The Czech Republic’s dominant fixed line operator Cesky Telecom reported a 23.2% drop in net profits to CZK2.6 billion (USD104.17 million) for the first half of 2005, on the back of a 3.6% fall in consolidated revenues to CZK30 billion. The telco’s mobile arm Eurotel Prague posted sales of CZK14.6 billion, unchanged year-on-year, while gross profits slipped 7% to CZK6.7 billion. Cesky’s chief financial officer Juraj Sedivy said the results reflected a gradual migration from voice to broadband and data services in the fixed line segment. Mr Sedivy went on to say that in the second quarter Telecom’s performance was adversely affected by one-time charges such as reserves for potential fines paid to the antitrust commission, compensation paid to a rival, and for special bonuses and golden handshakes. The market greeted the announcement coolly, with many predicting a drop in the company’s share price in the short term as Cesky struggles to maintain market share. According to Patria analyst Tomas Gatek: ‘In the rest of the year, revenues from fixed lines will continue to drop, income from mobile networks will stagnate and the share of revenues from data services will grow’.
At the end of June 2005 Cesky had 3.25 million main lines in service, down 4% year-on-year, while total revenues from fixed line service dipped 8% to CZK16.1 billion. Turnover from voice calls slumped 25% to CZK4.1 billion, although the falls were partly offset by a 26% rise in sales of internet and data services to CZK2.2 billion. The telco ended June with 163,000 ADSL users, having added 63,000 new accounts during the first six months of the year. The telco hopes that by the end of 2006 data services will balance the drop in traditional voice services, with Sedivy adding that the introduction of lower tariffs in May this year should cushion the impact of declining popularity in landline calls.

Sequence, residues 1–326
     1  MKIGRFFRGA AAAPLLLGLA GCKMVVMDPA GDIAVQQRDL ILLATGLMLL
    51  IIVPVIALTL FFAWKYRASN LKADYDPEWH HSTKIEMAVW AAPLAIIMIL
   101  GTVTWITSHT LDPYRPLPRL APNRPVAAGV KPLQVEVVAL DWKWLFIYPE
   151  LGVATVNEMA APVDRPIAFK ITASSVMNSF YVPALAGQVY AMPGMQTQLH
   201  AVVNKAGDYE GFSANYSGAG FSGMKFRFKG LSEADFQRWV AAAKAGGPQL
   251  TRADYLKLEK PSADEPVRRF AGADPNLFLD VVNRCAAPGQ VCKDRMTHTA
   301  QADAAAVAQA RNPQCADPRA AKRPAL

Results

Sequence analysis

Eurotel Prague added 192,000 new numbers in 1H 2005, ending the period with 4.42 million registered SIM cards. The operator is using a new methodology and bases its figure on those cards recharged during the last 13-month period. Despite the subscriber gains, mobile revenues fell 4% to CZK5.6 billion and monthly ARPU dipped CZK25 to CZK503 per month. On a brighter note, income from SMS, MMS and mobile internet services rose 18% to CZK2.2 billion, and overall traffic was up 5%.